Trump, Manafort get big reminder that pardon power does not extend to state crimes

Washington Post

Politico reported Wednesday that New York's attorney general Eric Schneiderman is now working with special counsel Robert S. Mueller III in the probe of financial transactions involving Paul Manafort, a story independently confirmed by The Washington Post by a source familiar with the investigation.

While the involvement of Schneiderman could produce nothing and is in an early stage, the news sends an important message to President Donald Trump: his pardon power does not extend to state crimes.

In the event Manafort or anyone else is charged under New York law, or threatened with indictment, there will be nothing Trump can do about it.

His "power to grant reprieves and pardons" only covers "offenses against the United States," according to Article II, Section 2 of the Constitution.

Reports of Schneiderman's interest in Manafort are not new.

But the news that the New York attorney general is teaming up with Mueller attracted a good deal of attention from Trump critics because of the pardon issue. Trump pointedly tweeted in July that he has "complete power to pardon" aides, family members and possibly even himself. His pardon Friday of former Maricopa County sheriff Joe Arpaio was seen by some as strong message that he is willing to use the pardon power liberally.

"So much for strategic use of pardon power with Manafort," tweeted Harvard Law School professor Laurence Tribe.

According to the Politico report:

"The two teams have shared evidence and talked frequently in recent weeks about a potential case, these people said. One of the people familiar with progress on the case said both Mueller's and Schneiderman's teams have collected evidence on financial crimes, including potential money laundering.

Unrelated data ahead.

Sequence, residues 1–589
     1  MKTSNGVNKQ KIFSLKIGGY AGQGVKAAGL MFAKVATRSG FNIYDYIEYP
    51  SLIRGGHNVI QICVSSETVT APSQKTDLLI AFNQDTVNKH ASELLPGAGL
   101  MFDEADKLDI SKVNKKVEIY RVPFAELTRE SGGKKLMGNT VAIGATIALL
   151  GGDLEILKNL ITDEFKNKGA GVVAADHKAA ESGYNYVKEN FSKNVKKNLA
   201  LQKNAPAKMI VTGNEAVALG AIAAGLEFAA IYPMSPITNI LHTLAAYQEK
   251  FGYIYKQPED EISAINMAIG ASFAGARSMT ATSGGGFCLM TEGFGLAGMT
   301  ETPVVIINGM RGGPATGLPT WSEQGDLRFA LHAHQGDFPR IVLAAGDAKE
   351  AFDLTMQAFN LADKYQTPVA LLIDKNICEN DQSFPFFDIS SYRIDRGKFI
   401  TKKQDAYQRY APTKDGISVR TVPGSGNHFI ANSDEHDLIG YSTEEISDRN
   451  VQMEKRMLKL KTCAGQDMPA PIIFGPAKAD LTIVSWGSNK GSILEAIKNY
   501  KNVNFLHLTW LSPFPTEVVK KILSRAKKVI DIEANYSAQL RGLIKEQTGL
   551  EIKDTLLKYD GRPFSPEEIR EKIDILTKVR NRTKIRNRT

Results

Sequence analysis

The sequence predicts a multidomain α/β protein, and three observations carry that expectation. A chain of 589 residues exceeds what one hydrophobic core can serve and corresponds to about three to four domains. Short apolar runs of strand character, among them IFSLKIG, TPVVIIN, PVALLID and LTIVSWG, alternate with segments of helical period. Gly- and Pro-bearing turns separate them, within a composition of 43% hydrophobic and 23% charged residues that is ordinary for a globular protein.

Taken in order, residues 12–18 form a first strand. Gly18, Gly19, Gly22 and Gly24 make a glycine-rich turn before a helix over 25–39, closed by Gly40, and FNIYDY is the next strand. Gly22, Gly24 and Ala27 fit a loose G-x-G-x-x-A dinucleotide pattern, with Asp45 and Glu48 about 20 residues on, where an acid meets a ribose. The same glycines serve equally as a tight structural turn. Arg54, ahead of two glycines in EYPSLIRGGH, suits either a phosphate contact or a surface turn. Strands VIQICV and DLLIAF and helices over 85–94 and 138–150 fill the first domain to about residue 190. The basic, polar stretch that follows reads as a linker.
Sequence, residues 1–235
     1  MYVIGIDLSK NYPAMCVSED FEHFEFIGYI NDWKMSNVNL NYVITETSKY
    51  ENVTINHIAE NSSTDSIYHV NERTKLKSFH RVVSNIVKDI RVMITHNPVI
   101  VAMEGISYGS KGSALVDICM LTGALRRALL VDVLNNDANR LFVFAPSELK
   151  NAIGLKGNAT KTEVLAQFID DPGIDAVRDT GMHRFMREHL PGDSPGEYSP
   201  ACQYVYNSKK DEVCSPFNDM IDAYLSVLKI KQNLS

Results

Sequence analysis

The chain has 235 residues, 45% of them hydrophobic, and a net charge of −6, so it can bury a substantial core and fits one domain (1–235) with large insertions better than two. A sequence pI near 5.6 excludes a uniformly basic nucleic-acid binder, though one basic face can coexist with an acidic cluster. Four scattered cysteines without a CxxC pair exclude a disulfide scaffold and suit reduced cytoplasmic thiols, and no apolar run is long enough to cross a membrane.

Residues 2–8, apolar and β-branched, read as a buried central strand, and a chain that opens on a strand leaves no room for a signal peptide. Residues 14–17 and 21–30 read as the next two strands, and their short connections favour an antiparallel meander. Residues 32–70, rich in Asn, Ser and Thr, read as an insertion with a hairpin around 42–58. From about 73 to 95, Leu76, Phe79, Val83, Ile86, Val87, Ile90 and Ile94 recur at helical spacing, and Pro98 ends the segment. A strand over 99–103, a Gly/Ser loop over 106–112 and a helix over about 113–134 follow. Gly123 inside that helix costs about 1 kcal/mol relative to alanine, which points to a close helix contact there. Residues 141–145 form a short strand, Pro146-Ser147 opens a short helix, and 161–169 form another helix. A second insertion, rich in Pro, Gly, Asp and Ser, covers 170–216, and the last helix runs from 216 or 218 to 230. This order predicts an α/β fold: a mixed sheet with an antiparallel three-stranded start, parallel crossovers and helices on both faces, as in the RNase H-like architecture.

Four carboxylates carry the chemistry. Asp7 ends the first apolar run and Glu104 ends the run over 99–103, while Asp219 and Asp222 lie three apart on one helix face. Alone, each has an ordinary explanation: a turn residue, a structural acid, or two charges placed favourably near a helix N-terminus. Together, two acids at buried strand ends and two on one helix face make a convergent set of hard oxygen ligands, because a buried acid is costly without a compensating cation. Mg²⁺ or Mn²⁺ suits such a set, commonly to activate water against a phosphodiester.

"No decision has been made on where or whether to file charges. "Nothing is imminent," said one of the people familiar with the case."

A spokeswoman for Schneiderman declined to comment.

Manafort has denied any wrongdoing.

There are plenty of points of entry into the Manafort probe for a New York prosecutor.

The Wall Street Journal reported in May that Schneiderman and Manhattan District Attorney Cyrus R. Vance Jr., were examining Manafort real estate transactions across the U.S., including in New York, "for indications of money-laundering and fraud."

NBC News reported that some of those New York loans were financed in part by a Ukrainian émigré to the U.S.

Manafort told NBC through a spokesman that his transactions were "executed in a transparent fashion . . ." But NBC reported that Manafort's name and signature did not appear on loan documents.

Manafort was chairman of Trump's campaign until he resigned amid growing scrutiny of his decade of work in Ukraine on behalf of a Russia-friendly political party, the Party of Regions.

Manafort's personal finances may be totally unrelated to Mueller's probe into possible coordination of Russian meddling in the 2016 presidential election between the Kremlin and the Trump campaign.

But Mueller could conceivably use any jeopardy faced by Manafort in New York to gain his cooperation into the broader investigation, without the hindrance of a Trump pardon of Manafort.

Indeed, The Post reported earlier this month that Manafort's allies feared that Mueller wants to build a case against Manafort independent of the 2016 campaign "in hopes that he would provide information against others in Trump's inner circle in exchange for lessening his legal exposure."

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